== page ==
BRINGING TEXTURE INTO THE HOME

[Image] Our recently sold property on Twickenham Road shows how you can still bring through texture with a mininal colour palette

 
We often hear interior designers talk about the importance of bringing texture into an interiors scheme – but why does this matter, and what does it look like in practice? This month, we’ve turned to our resident interiors writer Joanna Thornhill to talk us through the ways we can work with layering together different textures and materials, to finish off any room redesign or property staging project. Read on for her take on this topic: 

 

[Image] Play with different types of hard and soft materials together in the same space, to bring warmth and character. 

 

When you think of bringing texture into your décor, it’s usually on a simply aesthetic level – but did you know that certain surfaces and materials can actually benefit your wellbeing too, providing you with comfort during times of anxiety or even helping to lower blood pressure? A child might often reach for their favourite ‘comforter’ blanket if they’re feeling distressed – and although as adults we tend to use different coping mechanisms, research has shown that when we’re in a negative emotional state, we can be more receptive to more tactile surfaces to soothe us.

 

‘Real’ materials too, such as solid wood, can also benefit our wellbeing: studies have shown that not only do they help us feel more connected to nature, which helps us feel more grounded, they can even have a positive impact on our blood pressure.

 

So how else can we layer texture into the home? Here’s some actionable tips to try:
 

[Image] Use textiles creatively in the home, such as hanging an oversized table runner over a glass door to bring privacy without too much light loss. 

 

    1. Introduce embossed and woven detailing
 
Not really a fan of colour and pattern but want to bring in a little something extra? Keep an eye out for textiles and furniture with some sort of embossed pattern directly in its structure, be it a woven macrame wall hanging, a vintage throw with stitch detailing, or even a wooden cabinet front with routed lines in its doors, to provide something other than a flat surface. Vintage textiles in particular often aid this look, as their age brings with it a sense of character that’s hard to reproduce in newer materials. If you’re a single-palette kind of person, this can be a great way to bring in texture into an otherwise minimal scheme.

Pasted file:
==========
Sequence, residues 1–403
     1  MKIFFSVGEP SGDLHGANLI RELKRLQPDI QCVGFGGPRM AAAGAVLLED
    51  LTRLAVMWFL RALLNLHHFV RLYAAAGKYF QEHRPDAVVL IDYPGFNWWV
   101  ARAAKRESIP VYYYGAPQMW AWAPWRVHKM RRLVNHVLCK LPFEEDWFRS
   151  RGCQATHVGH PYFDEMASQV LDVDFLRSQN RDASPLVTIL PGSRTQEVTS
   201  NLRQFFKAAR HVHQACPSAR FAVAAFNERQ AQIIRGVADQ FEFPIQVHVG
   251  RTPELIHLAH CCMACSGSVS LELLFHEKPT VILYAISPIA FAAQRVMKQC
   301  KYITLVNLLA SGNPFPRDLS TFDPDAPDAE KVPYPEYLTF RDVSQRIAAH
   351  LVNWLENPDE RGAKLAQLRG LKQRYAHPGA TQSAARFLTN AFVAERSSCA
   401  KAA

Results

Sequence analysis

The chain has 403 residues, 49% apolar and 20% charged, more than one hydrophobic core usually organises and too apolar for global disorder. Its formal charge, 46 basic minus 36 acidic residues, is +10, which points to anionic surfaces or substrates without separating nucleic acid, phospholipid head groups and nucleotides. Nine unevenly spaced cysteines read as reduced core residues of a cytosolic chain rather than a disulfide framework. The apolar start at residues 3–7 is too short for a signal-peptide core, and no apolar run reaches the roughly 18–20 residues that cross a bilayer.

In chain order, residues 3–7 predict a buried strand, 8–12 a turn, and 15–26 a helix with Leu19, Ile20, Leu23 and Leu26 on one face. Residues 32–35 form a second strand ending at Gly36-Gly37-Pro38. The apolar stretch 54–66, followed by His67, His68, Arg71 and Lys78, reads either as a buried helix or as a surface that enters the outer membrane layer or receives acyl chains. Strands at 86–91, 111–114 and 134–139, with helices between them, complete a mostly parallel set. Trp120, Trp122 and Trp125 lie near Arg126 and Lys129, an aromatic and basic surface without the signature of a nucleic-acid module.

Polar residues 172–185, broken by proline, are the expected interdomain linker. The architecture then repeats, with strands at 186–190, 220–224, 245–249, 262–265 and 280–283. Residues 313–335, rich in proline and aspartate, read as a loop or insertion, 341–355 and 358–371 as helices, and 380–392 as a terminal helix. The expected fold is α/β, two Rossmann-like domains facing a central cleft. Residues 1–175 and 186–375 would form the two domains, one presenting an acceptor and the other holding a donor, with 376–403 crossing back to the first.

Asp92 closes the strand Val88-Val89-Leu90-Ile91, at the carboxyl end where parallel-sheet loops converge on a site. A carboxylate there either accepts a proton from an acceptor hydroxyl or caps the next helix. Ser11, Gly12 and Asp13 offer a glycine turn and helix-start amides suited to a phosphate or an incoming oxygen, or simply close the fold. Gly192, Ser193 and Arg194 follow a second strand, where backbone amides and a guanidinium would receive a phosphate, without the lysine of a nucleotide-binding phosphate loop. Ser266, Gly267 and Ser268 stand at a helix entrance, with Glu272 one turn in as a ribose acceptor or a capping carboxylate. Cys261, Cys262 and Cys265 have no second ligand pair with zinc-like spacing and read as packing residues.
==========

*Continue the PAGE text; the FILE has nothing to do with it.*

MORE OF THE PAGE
[Image] Complement a natural palette with a mixture of earthy tones, from warm neutrals to dusky dark pinks. 

 
    2. Try rattan and cane webbing
 
A look that’s proven hugely popular in the last few years thanks to its cool retro vibes and eco credentials, decorating with bamboo, rattan and wicker can be a great way to sneak in some extra texture across otherwise hard surfaces such as cupboard doors and kitchen chairs. Left in their natural state, their warm honey-toned looks and soft edges help bring an overall feel of softness into the spaces they inhabit. Cane webbing – as seen inlaid into the cupboard door above – can be another great way to introduce further warmth and pattern, along with a feeling of lightness, due to the holes inherent in its design.

 

[Image credit] Go for ‘effortlessly rumpled’ over ‘army dormitory’ when it comes to styling a sink-into-me bed. Image and all linens featured from Secret Linen Store   

 

    3. Layer up beds and sofas
 
If your motivation for introducing layered textiles is to aid a cosy, comfortable look (as well as to ensure you have blankets and throws to hand if things get chilly), don’t undermine that goal by creating a look that’s too formal. When I style photoshoots for clients, a gentle mismatch or a casual ruffling of throws and cushions always creates a more desirable, homely space. Beautiful natural fabrics generally work best for this (as well as offering a more sustainable option than synthetic alternatives), so seek out natural linen sheets, woollen throws and organic cotton cushion covers. Avoid full matching sets in favour of a more organic overall look, and instead mix in designs which share a similar palette, or sit comfortably together, such as pairing ditzy florals with some cool stripes.

 

[Image credit] Deep forest green walls create a perfect wraparound backdrop for a plant-filled space, as seen in Albert Road, one of our recently sold properties

 
    4. Build up your plant collection
 
You might not have considered plants as texture-providers, but they do a wonderful job of adding tactility and (literally) life to a living space. In true layering style, try bringing them in in different ways: opt for a tall upright plant such as a fiddle leaf fig, monstera or cactus euphorbia in a corner, sneak in some smaller succulents or begonias onto tabletops and sideboards, then bring in trailing hanging plants from ceiling hooks, curtain rails or suspended from shelving via S hooks.
 
Let us know what tricks you’ve tried for bringing texture into the home!

Written by Vince Laurella

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